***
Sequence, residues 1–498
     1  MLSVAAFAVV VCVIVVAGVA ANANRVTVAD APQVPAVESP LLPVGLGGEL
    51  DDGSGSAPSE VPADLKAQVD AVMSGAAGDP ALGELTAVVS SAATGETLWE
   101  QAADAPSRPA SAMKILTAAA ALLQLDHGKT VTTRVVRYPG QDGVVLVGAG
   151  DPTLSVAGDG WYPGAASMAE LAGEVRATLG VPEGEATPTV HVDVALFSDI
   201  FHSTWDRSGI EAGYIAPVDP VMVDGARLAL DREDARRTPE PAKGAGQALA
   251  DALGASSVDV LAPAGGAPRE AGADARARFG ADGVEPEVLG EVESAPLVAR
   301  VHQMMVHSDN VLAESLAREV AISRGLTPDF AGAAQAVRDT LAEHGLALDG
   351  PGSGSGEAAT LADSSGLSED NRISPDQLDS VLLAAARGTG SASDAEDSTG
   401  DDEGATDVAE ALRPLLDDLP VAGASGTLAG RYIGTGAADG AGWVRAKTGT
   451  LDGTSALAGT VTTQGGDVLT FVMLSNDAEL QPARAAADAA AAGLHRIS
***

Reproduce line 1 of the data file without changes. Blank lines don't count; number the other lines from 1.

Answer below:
Sequence, residues 1–498